White Board Down
A single white board lies on the grass, lifted out of the slots of the two uprights that support it, forming a new sort of an old fashioned bar-way, a single piece of wood barring entry through a gap in a stone wall. It is just there and I have to presume it is a leftover of yesterday's great wind, the same that left my yard strewn with irregular sticks, pieces of the trees snapped off, ranging from twigs to small branches.
The wall itself, or a section of it, is new, only a couple of years old, a stretch of infill that does not have to it the “new” look of others that are almost too carefully crafted. I expected the spring after it was installed to field “was that always there?” questions but none came my way. Perhaps the white board was a distraction, making anyone who noticed think it was the only addition.
Of course I might not have noticed but that I pass it every day. Also, the openness that had been there was ingrained by an exercise of observation undertaken some time ago, one day when I made a point of identifying exactly how much of the road from Scotch Beach to Mansion was not lined by a wall, free-standing or retaining, or a long-rooted privet hedge. Where the new wall stands there was nothing but the memory of a board fence.
The house on the lot behind the fence-now-wall was built back when every new house was an event. Years later I learned the original owner had come to be in possession of two parcels of land, one of which he did not want and sold to a friend. The unwanted piece was on the west side of Corn Neck Road, running from the highway to the shore of the New Harbor.
The storm came on an east wind, in the early part of the morning blowing snow on a horizontal path above the brush of the front field. It would not long last, at least not according to the weather sites I favor over what have become hyped news reports, all trying to get ahead of the other and calling for extreme measures too many days out.
The snow would change as the temperatures climbed. There would be rain and wind and the air pressure was on an alarming downward trajectory, but at least it would not freeze, a constant worry of any winter storm with a potential of lost power.
We have not had that harsh wet wind most of the winter and as it built I was reminded of a high school teacher saying we could recall the fact of pain but not the true feeling – which, one supposes, could be said of any sensation once the moment is gone. For all we talk of the wind it can still come as a surprise.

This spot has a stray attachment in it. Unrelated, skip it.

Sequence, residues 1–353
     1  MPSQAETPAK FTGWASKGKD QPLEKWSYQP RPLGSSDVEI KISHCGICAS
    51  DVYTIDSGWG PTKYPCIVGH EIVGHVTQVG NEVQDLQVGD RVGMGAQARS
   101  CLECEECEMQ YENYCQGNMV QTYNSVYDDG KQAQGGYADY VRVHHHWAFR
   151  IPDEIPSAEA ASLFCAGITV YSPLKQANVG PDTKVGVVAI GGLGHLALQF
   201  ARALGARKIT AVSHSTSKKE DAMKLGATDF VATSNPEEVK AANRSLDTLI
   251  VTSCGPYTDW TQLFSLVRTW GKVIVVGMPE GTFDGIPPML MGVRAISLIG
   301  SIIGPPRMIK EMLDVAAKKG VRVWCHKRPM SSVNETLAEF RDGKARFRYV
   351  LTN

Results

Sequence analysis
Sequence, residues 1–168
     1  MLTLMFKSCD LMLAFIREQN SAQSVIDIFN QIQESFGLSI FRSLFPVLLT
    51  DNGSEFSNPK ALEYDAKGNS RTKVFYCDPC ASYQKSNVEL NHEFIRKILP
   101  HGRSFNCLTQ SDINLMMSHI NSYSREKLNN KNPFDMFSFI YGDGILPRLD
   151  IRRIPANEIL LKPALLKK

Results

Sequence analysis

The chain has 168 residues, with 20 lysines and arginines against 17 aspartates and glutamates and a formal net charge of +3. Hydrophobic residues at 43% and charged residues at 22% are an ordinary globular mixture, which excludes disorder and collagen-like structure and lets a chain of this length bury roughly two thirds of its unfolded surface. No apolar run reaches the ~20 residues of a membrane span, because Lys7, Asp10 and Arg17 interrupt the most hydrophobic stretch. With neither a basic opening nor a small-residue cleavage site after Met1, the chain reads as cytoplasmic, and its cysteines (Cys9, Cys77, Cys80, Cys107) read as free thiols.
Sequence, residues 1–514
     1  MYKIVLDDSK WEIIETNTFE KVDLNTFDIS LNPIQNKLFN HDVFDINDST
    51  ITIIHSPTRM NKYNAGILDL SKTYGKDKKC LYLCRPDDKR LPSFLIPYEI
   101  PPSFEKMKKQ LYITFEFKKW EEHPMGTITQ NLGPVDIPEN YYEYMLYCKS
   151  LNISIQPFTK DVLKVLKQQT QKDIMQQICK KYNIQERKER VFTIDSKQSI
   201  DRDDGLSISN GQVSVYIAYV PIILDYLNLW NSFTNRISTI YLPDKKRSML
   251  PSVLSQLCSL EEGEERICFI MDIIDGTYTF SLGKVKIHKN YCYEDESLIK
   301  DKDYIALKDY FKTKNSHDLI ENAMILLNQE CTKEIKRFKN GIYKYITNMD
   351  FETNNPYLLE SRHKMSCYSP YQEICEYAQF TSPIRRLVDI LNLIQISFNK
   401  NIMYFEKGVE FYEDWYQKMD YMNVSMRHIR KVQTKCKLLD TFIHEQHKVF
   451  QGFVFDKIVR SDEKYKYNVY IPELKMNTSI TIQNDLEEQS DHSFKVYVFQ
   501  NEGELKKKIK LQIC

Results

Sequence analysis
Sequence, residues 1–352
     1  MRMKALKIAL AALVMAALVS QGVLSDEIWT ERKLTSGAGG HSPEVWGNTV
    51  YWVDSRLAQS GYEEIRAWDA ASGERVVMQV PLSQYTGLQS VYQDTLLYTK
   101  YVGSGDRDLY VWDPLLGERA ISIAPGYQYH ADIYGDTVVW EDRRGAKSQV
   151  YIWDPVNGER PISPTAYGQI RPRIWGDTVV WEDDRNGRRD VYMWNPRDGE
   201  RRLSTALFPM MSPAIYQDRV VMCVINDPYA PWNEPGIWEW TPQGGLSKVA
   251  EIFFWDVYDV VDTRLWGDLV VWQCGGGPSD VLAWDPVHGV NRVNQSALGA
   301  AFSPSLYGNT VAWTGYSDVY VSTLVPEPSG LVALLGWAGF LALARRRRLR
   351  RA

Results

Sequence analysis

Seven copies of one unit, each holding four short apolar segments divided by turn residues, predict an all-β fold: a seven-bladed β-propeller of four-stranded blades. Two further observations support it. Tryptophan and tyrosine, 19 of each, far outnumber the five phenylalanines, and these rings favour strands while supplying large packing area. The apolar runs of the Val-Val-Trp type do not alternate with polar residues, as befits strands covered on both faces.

More, I thought of the story I seem to be telling more of late, of my mother's first experience with Block Island. She grew up in Massachusetts, in a small town on the rail line between Boston and Providence. Her father was one of a family of Swedish immigrants. He did not make a great fortune, but worked steadily in a jewelry factory and was able to own his own home a few blocks from the village center. My mother, his only child, attended college in a neighboring town then, perhaps sparked by childhood summers at her grandparents' farm in Maine, went far north, to Aroostook County, to teach children of farmers.
It was then a place of deep cold and grinding poverty, where the school was secondary to planting and harvesting, in a time when Maine led national potato production. Today, VisitAroostook is the first thing to come up in an internet search for information.
For reasons she never quite explained, when she was thinking of leaving northern Maine, she answered an ad for an opening on Block Island, which had become an exotic southern locale. She came here for an interview, and always talked of being surprised at the first question posed by the School Committee Chair: “Does the wind bother you?”
Later, she would say she understood the homespun wisdom. Had her response been “yes” nothing else was of consequence.
It was a different world, I realize, the fields were wide open, houses sparse, and a young teacher would not be expected to have a car, to drive from the house where she rented a room to the school. Today, people generally walk by choice, not necessity; then, a ride was a luxury.
The winter has been mild with what seems an usual number of no-boat days. I know going from one place to another I carry more than wear the gloves and hat and scarf that I don to go out with the dog. I do not dress for walking unless I am going to walk.
Then the wind comes out of the east, driving the rain against the sides of my old house and as much as I hate the cold downpour I remain grateful it is not below freezing and that the threat of a long power outage, the underlying fear of all winter storms, diminishes by the minute.
There seems to have been over the past decades more storm damage on the mainland, more and longer outages, a combination of aging infrastructures and trees grown taller than anyone expected when they were planted. Still, when visitors ask of dramatic winter weather they envision the ocean coming up to Front Street, and over the Neck Road. They think of no boat running, of grocery shelves emptying, but many seem unable to connect the dots between no power, no pump, no water, and no power, no heat, freezing-pipes. Maybe it is a country/city disconnect exacerbated by a preoccupation with the drama of rising seas.
Today the sun is shining, and much as I know it happened, yesterday's great wind is just a memory.